Microsoft has been a long time investor in speech recognition research, in fact they have been working on it for over 20 years, almost the same amount of time their research division has been around. We have recently seen the fruits of these labors come to the consumer through such products as Skype Translator, Project Oxford Speech API’s, and Cortana. Last year Microsoft released their Computational Network Toolkit (CNTK) open sourced sharing their deep learning tools with the entire speech research community.
Microsoft has been working on a new tool called Azure GPU Lab which will be released soon. CNTK combined with Azure GPU Lab has allowed Microsoft to build and train deep neural nets for Cortana speech recognition. The important news for this technique? Using this setup has allowed them to build and train these neural nets up to 10 times faster than previously used methods.
Microsoft has begun utilizing these tools in other areas of the company as well, and have seen similar performance improvements. With this in mind Microsoft is hoping the wider machine learning and AI communities will take advantage of their tools and by open sourcing them that shared ideas will move progress together, quicker.
Microsoft has compared their tools against four leading deep learning toolkits. Here is how they set it up and the results:
“There are a number of deep learning toolkits available from Torch, Theano and Caffe to the recently open sourced toolkits from Google and IBM. We compared CNTK with four popular toolkits. We focus on comparing the raw computational efficiency of different toolkits using simulated data with an effective mini batch size (8192) in order to fully utilize all GPUs. With a fully connected 4-layer neural network . . . the number of frames each toolkit can process per second is illustrated in the chart. We include two configurations on a single Linux machine with 1 and 4 GPUs (Nvidia K40) respectively. We also report our 8-GPU CNTK speed on Azure GPU Lab with 2 identical Linux machines (2 x 4 GPUs) as used in the baseline benchmark. CNTK compares favorably in computational efficiency for distributed deep learning (4 GPUs or 8 GPUs) on all these toolkits we tested. CNTK can easily scale beyond 8 GPUs across multiple machines with superior distributed system performance.”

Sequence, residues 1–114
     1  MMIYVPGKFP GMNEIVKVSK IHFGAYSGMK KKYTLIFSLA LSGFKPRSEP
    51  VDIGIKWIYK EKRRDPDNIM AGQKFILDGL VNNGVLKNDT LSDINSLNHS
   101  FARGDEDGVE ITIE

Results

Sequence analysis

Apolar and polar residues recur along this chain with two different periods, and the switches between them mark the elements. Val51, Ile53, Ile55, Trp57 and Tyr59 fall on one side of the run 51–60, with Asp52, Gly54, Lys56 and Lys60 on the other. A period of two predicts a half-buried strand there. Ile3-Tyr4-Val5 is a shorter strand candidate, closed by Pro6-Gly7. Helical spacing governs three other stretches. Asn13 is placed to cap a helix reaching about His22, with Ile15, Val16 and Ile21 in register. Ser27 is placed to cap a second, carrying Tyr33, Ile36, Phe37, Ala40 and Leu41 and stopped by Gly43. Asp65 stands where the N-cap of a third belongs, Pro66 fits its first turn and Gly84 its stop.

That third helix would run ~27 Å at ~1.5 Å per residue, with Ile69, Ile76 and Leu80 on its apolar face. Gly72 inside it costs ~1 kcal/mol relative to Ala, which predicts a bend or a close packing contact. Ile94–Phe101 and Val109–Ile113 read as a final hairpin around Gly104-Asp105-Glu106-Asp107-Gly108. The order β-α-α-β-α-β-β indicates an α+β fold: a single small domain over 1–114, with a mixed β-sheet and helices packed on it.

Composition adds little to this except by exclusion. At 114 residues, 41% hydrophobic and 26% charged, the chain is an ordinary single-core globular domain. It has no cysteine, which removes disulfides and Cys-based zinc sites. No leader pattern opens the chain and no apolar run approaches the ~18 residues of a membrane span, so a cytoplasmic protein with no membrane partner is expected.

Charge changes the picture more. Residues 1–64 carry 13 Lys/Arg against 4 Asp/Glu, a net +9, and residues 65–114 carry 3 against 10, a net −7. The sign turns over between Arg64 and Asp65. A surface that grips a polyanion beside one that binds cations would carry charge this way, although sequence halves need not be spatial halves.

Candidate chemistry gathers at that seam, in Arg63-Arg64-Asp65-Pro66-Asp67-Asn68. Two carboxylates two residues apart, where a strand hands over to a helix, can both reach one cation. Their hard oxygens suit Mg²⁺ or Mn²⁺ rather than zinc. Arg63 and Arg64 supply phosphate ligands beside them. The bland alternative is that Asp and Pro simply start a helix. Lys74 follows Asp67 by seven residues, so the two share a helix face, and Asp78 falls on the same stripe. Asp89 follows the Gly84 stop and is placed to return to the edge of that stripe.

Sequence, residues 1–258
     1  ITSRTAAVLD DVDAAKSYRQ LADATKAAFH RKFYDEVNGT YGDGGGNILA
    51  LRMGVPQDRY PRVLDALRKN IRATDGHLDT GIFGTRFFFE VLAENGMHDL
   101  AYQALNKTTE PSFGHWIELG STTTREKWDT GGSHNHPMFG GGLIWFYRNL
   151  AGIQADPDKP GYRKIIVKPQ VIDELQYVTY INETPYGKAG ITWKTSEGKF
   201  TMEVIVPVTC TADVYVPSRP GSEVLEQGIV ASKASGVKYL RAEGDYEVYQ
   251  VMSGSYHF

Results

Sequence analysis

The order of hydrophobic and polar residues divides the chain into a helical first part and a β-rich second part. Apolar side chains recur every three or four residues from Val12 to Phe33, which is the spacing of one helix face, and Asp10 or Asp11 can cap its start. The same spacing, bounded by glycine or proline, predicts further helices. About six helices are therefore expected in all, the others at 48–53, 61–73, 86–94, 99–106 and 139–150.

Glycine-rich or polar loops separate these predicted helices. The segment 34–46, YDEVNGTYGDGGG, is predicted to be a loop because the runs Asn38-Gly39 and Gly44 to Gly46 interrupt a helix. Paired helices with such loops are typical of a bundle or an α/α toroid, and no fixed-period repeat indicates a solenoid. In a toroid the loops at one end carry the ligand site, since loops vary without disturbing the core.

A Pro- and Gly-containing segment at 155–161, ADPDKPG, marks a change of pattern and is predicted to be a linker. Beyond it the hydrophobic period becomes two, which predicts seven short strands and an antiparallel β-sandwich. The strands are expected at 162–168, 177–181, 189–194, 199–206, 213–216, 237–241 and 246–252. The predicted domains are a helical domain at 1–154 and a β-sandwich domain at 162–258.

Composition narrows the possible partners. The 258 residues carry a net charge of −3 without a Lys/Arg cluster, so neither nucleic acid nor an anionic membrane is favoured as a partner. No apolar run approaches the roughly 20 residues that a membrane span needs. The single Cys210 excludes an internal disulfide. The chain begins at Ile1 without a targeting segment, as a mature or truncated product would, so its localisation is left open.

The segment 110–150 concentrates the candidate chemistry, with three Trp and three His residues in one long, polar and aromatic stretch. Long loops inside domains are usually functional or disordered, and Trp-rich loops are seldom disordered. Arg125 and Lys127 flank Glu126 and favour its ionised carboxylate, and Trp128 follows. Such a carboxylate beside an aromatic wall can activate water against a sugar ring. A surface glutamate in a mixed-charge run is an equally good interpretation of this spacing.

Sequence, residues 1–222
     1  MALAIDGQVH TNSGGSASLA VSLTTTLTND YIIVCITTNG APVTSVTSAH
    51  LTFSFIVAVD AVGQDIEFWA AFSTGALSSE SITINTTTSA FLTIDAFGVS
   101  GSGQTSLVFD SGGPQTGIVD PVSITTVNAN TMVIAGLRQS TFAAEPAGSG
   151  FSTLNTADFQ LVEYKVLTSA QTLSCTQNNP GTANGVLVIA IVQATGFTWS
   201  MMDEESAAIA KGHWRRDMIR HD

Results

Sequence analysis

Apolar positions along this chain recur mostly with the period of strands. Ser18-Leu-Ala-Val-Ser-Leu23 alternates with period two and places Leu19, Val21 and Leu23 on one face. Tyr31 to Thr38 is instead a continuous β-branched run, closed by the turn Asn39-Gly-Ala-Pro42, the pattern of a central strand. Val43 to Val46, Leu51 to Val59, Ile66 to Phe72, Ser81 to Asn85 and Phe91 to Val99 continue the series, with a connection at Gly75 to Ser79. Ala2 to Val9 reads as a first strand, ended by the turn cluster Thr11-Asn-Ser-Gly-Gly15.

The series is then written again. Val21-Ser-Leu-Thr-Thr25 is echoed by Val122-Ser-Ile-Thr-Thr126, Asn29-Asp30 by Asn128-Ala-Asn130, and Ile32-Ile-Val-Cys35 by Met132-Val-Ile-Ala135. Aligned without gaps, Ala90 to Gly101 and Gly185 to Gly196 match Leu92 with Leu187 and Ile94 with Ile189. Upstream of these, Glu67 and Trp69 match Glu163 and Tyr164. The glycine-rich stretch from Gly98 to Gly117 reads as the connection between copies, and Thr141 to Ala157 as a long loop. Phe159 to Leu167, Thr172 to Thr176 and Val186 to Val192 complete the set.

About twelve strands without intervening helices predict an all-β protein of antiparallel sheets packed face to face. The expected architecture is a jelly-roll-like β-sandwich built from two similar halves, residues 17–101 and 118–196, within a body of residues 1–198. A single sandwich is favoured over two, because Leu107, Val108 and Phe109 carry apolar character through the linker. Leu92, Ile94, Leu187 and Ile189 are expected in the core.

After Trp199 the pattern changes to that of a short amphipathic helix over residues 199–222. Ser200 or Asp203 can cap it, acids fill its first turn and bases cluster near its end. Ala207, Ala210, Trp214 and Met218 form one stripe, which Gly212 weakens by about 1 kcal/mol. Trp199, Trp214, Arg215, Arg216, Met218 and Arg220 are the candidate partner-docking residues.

Microsoft is hoping to share how advanced their CNTK toolkit is with the AI community as a whole this Friday at the Neural Information Processing Systems Conference, and begin work on computing systems that can see, hear, speak, understand and even begin to reason. This is an exciting time for technology!